Backups prevent loss of data by ensuring it can be recovered.
Backup and recovery go together: backups are never taken without supporting a recovery, and recovery cannot be completed without having a backup from which to recover. For this reason, many methods focus on the recovery side (as that is the most vital part of any backup scheme).
There are several backup methods available, ranging from bare-metal backup (and recovery) to record-based backups in a database system. Backup solutions offer a number of different features such as backup snapshots based on time, deduplication, the ability to recover single modified files or whole directory trees, etc.
Bare metal recovery
In case of bare-metal recovery, software is used without installing it on the operating system that is under backup/recovery. The result of a bare-metal restore is a fully bootable system again.
Most of these recovery solutions are based on partition imaging (like with dd, CloneZilla, PartImage, or FSArchiver), although in Gentoo, stage4 snapshots can also be used as some sort of bare-metal recovery solution (captures files, but not disk partition data).
File and directory recovery
For a more selective approach, a file- and directory-based backup/recovery model is used. For such situations, on-system software is responsible for regularly taking copies (or patches/diffs) from a predefined list of files and directories. Many solutions exist, such as Bacula or BackupPC, but simple schemes can also be obtained by properly using rsync or just plain copies.
Some applications offer a more specific approach on backup and restores. Databases are a prime example (as their job is to guard over data) but others, like version control systems, often have specific backup/restore routines too.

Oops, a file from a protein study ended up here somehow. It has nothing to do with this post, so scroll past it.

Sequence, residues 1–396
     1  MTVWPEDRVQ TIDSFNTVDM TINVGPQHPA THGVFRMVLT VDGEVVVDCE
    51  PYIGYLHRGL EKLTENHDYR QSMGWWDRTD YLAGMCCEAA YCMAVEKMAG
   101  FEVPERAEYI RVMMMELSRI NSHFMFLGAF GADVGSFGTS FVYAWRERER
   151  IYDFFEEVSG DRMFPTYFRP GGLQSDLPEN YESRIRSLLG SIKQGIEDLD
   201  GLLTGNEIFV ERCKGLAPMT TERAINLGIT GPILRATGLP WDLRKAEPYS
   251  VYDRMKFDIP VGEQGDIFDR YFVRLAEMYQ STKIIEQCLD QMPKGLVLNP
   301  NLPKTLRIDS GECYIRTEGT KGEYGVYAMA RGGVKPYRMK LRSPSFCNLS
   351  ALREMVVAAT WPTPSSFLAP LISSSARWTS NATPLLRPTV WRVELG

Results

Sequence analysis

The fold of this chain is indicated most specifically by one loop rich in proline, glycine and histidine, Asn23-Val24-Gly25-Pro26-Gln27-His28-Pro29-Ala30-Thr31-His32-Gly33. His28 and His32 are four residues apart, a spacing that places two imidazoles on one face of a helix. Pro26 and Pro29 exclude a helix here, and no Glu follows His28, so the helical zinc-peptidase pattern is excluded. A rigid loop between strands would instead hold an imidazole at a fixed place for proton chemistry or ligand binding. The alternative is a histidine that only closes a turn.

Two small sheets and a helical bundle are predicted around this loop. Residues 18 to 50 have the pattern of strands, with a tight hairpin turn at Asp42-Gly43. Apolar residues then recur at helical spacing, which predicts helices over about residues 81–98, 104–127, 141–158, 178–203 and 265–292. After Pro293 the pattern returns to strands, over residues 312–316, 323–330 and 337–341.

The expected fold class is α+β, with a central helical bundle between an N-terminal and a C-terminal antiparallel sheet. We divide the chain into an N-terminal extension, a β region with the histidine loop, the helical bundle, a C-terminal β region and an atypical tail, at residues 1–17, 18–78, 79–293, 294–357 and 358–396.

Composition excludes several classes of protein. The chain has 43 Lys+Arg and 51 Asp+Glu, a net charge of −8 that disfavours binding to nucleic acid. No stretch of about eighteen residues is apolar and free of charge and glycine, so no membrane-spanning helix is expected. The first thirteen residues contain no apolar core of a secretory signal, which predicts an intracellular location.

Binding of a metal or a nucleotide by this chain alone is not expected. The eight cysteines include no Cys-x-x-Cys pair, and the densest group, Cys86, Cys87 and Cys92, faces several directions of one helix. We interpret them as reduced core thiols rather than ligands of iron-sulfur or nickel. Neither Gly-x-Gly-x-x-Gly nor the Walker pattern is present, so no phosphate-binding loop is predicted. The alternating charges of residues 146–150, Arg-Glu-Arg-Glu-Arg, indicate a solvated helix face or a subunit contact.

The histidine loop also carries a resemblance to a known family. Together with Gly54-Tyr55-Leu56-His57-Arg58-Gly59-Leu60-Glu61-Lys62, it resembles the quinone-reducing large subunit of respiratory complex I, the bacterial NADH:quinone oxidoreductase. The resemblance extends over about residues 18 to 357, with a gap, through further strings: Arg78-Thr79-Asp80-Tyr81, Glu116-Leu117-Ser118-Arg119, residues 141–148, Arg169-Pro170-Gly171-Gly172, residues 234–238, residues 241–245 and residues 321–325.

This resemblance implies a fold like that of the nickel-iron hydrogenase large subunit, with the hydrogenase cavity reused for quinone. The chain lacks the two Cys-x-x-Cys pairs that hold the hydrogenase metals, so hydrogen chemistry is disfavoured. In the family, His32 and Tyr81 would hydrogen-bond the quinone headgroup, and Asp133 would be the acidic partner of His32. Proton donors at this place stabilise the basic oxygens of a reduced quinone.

When hosting one or more services, it is wise to look at the backup/restore routines for each service and implement them on top of the other backup schemes.
A few principles need to be closely guarded when implementing backups:
- Always verify that the backups can be used to restore. Either restore to another location or system, or restore immediately after taking a backup. Too often users forget this and are severely disappointed when they find out that their daily backups didn't do much (e.g. captured the wrong directory) or cannot be restored.
- Keep backups on a safe location. Try to have them off premises. Move them regularly to a family members home, or send them over the Internet to a cloud storage provider (password-based encryption schemes can be used to protect confidentiality with off site backups).
- Mix backup methods. Take a full system (bare-metal) backup once in a while, with file and directory backups more regularly and application-level backups as much as possible (since those are what clients/users will be most likely angry about if lost).
- Mirroring is not having a backup. Mirroring keeps two sides in sync, whereas a backup is a snapshot of data at a point in time.
- dd — a utility used to copy raw data from source to sink, where source and sink can be a block device, file, or piped input/output.
- etckeeper — a collection of tools to let /etc be stored in a git, mercurial, bazaar, or darcs repository
- rdiff-backup — a GPL-licensed incremental backup utility based on librsync; it stores changes to files instead of entire duplications.
- Rsnapshot — an automated backup tool based on the rsync protocol and written in Perl.
- SparkleShare — a cross platform, free, open source, Dropbox-like, git-based collaboration and file sharing tool.